National Fisherman

A new study by the Natural Resources Defense Council (NRDC) reveals a startling truth about the seafood that Americans eat: more than 91 percent of it is imported, and "nearly every foreign fish product sold in the United States enters the U.S. market in violation of federal law."
According to the Marine Mammal protection act (MMPA), all seafood that is imported into the U.S. is supposed to meet our country's standards on bycatch -- when fish or marine mammals are caught by accident and subsequently thrown back dead or alive. The MMPA calls for monitoring bycatch both by a government-managed observer program and by self-reporting from fishing vessels. It also calls for reducing incidental deaths and injuries of marine mammals, with the ultimate goal of eliminating death and injury altogether.
Unfortunately, the MMPA standards are vague and not well-implemented. The NRDC reports that bycatch is rampant, with more than 650,000 marine mammals dying or getting severely injured each year as a result of bycatch.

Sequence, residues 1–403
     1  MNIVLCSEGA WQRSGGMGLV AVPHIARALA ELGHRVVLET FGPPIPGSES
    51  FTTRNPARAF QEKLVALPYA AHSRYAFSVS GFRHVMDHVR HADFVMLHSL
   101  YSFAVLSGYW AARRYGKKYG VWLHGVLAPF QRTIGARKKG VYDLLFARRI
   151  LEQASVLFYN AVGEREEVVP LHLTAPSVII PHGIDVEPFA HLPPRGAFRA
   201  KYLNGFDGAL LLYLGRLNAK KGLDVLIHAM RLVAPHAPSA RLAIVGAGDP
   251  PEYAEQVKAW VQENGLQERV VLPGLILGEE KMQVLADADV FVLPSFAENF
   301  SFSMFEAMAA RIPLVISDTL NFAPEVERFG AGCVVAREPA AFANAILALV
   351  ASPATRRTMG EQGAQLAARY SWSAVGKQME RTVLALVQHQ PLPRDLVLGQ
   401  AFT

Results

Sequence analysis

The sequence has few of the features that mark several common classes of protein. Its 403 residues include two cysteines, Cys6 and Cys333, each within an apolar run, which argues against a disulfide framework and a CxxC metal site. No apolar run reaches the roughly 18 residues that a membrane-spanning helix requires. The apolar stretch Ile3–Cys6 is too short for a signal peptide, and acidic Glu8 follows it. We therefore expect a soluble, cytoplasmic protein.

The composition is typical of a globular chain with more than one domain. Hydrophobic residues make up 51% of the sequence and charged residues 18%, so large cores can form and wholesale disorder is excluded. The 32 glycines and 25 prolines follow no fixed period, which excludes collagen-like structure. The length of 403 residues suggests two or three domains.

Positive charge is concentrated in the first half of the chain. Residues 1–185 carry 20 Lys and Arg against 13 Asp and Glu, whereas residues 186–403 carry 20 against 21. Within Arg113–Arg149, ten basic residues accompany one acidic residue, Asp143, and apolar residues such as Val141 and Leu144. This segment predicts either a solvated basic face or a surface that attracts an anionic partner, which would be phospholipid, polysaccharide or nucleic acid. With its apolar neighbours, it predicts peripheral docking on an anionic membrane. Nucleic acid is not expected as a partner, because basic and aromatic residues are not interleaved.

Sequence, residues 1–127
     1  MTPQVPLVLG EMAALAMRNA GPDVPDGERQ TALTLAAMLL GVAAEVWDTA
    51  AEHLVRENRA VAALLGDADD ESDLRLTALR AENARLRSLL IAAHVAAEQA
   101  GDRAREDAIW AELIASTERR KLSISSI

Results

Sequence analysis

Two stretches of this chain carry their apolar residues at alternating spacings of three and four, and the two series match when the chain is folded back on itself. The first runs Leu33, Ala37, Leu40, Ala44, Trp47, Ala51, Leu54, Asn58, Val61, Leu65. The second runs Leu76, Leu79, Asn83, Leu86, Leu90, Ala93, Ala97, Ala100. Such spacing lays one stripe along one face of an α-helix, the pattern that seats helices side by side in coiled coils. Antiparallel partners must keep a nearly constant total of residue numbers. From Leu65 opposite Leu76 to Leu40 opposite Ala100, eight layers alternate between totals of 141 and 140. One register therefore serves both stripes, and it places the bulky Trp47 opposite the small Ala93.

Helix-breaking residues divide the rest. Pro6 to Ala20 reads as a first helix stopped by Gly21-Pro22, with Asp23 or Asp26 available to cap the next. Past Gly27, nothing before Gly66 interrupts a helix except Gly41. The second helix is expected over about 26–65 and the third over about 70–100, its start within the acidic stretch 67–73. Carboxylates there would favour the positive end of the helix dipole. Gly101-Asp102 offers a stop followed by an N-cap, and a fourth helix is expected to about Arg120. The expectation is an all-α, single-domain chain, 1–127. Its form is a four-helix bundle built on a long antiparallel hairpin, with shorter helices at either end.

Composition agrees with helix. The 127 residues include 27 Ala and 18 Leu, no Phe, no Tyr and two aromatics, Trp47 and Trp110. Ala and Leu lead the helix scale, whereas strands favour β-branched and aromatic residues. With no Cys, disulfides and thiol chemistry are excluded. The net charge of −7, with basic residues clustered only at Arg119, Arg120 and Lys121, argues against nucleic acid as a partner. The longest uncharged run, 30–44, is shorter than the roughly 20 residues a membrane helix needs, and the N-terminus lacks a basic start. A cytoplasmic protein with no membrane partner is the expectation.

Because the federal government has never strictly enforced the MMPA, foreign fisheries have not invested in curtailing bycatch. As a result, these fisheries export problematic seafood to the United States.
Read the full story at Huffington Post>>

Inside the Industry

Abe Williams, who was elected to the Bristol Bay Regional Seafood Development Association board last spring, has been selected as the new president as of September.

Williams fishes the F/V Crimson Fury, and is president of Nuna Resources, a nonprofit that supports sustainable resource development in rural Alaska, including fighting for an international solution to issues raised by the proposed Pebble Mine project.


The Harte Research Institute for Gulf of Mexico Studies at Texas A&M University-Corpus Christi is teaming up with leading shark-tracking nonprofit Ocearch to build the most extensive shark-tagging program in the Gulf of Mexico region.

In October, Ocearch is bringing its unique research vessel, the M/V Ocearch, to the gulf for a multi-species study to generate previously unattainable data on critical shark species, including hammerhead, tiger and mako sharks.

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